Have you ever wanted to make money from your DIY skills? With this handy book, you can start your own small business as a handyman.
There are many jobs around the home or workplace that are simply too small to interest specialist trades people like plumbers, carpenters, plasterers, decorators etc. Generally when called upon to quote for these smaller jobs they often decline the work, price too high, or more often than not, fail to turn up. As a consequence many property owners or businesses have dozens of fiddly annoying jobs that need doing, but rarely get done.
A number of specific target customers emerge from this situation. The busy professional, the elderly, the home mover and those responsible for property, such as letting agencies, schools without a full-time caretaker, clubs and care homes.
The need is for a personable, trustworthy, individual who will complete smaller jobs. Someone who will turn up when they say they will and do a quality job for a fair price. Often the handyman will be able to complete a number of jobs that would normally require several tradespeople to complete, for example: decorating a kitchen, fitting a laminate floor, hanging new shelves, replacing a kitchen cabinet hinge and fitting a new curtain pole. The handy man can provide a complete service in one job.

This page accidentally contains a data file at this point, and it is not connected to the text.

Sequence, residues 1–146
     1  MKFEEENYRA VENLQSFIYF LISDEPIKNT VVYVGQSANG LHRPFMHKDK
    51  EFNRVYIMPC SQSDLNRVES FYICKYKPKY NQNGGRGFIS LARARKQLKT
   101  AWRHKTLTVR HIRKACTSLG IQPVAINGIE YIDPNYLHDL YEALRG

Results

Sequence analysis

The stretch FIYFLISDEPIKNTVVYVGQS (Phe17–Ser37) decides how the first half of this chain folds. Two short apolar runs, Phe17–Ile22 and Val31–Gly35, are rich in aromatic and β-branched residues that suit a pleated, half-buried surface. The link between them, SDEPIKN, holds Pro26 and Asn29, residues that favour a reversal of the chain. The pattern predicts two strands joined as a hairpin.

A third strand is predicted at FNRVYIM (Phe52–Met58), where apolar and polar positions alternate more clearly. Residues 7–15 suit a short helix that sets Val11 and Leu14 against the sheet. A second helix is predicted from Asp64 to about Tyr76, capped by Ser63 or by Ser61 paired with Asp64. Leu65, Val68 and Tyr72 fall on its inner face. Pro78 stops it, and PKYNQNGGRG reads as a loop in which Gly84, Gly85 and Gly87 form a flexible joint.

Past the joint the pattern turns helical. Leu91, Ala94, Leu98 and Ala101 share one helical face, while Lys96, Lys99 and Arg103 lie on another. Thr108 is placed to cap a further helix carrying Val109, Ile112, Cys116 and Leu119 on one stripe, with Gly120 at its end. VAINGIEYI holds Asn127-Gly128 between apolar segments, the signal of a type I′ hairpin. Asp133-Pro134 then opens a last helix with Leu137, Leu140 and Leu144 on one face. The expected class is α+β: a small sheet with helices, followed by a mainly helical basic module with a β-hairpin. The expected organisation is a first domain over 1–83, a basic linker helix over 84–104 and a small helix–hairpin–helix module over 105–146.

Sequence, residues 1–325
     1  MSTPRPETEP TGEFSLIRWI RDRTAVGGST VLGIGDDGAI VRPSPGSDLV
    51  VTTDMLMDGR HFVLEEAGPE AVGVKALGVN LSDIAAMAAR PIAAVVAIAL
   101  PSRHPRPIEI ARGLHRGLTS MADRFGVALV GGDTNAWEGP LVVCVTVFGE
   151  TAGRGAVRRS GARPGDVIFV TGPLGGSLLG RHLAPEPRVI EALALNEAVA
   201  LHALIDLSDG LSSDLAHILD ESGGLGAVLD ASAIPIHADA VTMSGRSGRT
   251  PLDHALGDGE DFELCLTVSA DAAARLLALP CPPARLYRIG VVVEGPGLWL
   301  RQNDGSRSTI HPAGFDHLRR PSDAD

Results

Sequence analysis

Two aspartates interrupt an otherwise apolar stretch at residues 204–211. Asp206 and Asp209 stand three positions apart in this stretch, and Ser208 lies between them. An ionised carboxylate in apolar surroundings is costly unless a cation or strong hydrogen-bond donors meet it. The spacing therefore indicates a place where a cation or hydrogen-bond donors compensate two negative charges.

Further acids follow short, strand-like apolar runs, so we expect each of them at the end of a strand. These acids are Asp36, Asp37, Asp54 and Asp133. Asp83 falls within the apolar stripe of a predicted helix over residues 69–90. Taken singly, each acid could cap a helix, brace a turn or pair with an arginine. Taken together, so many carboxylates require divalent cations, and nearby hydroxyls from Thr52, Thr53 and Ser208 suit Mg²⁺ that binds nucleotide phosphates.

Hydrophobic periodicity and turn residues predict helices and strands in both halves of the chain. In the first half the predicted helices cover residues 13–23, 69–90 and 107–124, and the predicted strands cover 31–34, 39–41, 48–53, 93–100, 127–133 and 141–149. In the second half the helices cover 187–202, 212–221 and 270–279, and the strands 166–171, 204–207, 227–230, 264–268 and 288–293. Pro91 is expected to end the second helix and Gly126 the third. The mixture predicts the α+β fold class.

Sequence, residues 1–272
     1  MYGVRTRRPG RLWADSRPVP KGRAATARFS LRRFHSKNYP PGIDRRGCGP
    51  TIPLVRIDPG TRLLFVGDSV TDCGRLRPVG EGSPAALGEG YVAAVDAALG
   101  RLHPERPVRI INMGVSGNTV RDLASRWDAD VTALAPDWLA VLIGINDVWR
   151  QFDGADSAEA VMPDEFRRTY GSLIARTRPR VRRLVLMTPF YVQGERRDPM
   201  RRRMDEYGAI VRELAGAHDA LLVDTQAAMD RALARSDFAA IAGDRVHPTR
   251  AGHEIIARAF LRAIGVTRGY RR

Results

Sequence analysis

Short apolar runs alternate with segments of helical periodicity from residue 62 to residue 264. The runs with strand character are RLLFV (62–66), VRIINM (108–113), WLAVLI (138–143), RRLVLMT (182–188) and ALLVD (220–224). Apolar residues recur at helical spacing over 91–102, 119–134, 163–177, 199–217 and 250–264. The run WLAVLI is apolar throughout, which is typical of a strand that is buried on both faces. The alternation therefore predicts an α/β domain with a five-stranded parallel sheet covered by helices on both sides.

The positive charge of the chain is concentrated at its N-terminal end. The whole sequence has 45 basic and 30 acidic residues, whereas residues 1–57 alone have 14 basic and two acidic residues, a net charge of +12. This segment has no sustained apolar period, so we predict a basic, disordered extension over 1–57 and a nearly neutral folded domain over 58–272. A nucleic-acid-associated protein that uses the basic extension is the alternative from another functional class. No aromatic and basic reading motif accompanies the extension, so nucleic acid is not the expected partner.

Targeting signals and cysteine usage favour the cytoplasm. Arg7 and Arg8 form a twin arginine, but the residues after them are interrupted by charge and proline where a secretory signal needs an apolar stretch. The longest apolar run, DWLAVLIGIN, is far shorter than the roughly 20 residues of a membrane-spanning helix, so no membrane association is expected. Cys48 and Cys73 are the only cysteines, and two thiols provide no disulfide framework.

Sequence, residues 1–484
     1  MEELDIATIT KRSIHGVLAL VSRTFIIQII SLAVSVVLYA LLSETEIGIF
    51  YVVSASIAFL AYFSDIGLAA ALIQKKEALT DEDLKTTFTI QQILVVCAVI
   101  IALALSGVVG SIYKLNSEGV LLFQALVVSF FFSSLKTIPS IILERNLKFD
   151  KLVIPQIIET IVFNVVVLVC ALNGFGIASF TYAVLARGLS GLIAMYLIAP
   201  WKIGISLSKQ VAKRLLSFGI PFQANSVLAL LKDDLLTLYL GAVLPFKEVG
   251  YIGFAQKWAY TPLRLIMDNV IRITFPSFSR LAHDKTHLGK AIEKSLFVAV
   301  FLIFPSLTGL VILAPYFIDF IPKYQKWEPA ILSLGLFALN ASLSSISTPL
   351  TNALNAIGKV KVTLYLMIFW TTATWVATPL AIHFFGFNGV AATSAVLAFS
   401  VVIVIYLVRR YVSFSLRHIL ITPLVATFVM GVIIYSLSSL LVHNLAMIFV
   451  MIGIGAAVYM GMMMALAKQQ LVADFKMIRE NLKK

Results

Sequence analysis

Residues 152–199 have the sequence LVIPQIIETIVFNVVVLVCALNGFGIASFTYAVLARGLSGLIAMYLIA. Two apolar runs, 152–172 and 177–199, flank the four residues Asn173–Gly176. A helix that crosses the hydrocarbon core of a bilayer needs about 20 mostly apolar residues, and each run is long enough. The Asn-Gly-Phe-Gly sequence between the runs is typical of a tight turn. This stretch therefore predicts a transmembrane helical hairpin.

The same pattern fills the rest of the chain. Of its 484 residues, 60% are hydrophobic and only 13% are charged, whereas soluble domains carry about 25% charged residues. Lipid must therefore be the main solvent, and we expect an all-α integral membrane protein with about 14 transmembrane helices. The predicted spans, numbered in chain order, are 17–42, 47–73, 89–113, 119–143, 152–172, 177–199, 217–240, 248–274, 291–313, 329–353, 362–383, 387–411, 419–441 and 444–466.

Writing from experience, the author lays out the blueprint for turning your skills into cash, including how to build a client base; how to equip yourself with new and unfamiliar skills; learn from your competition; schedule jobs; build word-of-mouth referrals; manage insurance issues; carry out risk assessments and work safe; and deal with paperwork from permits and plans to invoices.
In one form or another, Andy has always been a writer. At school, he passed notes in class and scribbled rude words on lampposts. At University, he wrote a PhD in biochemistry and forged tickets to various balls. And as an advertising copywriter, has written commercials for everything from baby food to booze. But it wasn't until he was well into his thirties that Andy stared writing fiction. If he could write a letter his younger self, it would urge him to stop messing about and get on with it.
Andy lives in London with his wife and two little girls. Chances are, he's writing something.
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